4) Remember that talking about shootings is potentially scarier for adults than kids because we can envision all of the horror. Keep the focus on your children and their concerns so you don’t add to their burden.

5) Keep your own paranoia from transferring to kids by identifying your own fears and feelings and making space to talk about them (with someone other than your children). Make your own safety plans in case of emergency. Get support from other adults. Become involved with school or community organizations that are creating safety plans.

Being a parent can be terrifying for any number of reasons. We naturally worry about our children’s safety and scramble for how to best protect them. We see ourselves in the mourning mothers and fathers on the evening news, and when we see the tiny caskets, we cannot help but think of our own children. But in order to protect them as much as we can in a world with such tragic possibilities, we must be able to have these conversations and set a good example.

Of course, after they have fallen asleep at night, safely tucked in their bed, it’s also okay to have a drink or a cry. We are, after all, only human.

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For the first couple years of a child's life, their feet grow so rapidly that they typically need a new shoe size every two to three months (so, no, you're not imagining how many shoes you've been buying lately!).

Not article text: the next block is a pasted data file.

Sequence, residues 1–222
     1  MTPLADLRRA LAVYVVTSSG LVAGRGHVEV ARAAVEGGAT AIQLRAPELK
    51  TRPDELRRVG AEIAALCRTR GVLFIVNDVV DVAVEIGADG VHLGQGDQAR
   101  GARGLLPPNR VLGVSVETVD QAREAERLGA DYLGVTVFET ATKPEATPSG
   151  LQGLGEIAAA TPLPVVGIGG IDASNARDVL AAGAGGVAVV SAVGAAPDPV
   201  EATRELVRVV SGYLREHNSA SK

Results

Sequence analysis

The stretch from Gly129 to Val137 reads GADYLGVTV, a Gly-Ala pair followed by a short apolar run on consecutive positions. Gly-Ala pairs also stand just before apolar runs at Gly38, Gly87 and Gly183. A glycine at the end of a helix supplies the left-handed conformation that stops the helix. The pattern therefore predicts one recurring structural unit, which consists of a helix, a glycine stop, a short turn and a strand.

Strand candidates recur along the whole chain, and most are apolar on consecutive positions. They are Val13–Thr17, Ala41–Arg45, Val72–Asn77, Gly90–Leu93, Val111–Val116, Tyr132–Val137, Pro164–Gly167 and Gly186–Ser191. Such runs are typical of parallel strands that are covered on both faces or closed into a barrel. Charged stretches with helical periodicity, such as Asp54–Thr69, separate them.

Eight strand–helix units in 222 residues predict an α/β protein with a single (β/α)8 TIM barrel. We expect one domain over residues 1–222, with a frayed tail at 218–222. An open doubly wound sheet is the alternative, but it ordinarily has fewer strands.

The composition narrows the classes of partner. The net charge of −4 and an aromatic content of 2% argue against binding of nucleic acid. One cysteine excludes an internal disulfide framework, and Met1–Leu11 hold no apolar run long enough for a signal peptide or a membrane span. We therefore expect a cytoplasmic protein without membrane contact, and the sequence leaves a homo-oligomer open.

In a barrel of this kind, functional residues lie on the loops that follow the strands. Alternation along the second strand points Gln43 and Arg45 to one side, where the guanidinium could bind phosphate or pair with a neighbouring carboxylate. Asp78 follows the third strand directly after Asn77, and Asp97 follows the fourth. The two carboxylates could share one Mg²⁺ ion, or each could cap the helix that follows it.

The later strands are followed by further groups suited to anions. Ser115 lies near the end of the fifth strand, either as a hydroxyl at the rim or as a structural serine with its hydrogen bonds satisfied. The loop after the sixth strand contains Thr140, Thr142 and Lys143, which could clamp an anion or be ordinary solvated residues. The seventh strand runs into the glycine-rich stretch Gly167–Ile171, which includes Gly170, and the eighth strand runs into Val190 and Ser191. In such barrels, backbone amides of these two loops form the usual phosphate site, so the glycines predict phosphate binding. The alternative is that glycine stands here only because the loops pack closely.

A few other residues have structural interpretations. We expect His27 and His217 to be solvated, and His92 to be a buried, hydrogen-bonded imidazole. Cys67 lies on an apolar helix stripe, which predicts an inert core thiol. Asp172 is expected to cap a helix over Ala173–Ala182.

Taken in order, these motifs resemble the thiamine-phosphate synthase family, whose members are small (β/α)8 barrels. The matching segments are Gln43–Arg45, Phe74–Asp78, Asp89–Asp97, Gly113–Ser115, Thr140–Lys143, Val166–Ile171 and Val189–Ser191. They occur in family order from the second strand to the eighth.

Fortunately, things tend to slow down as they start walking and hit school age. Even so, it's important to make sure they're wearing the right size for maximum comfort and healthy development.

That's why we teamed up with the experts at Rack Room Shoes for tips on helping the whole family get back to school on the right foot.

1. Get professionally fitted at least once a year.

We love online shopping as much as anyone, but for the health of your child's feet, it's worth it to make at least an annual trip to a store to get them properly sized on a Brannock Device (yep, those old-school sizers you remember as a kid are still the most reliable indicators of foot length and width!). Back to school is a great time to plan a visit to a store with trained associates who can help ensure your little one is getting the right fit.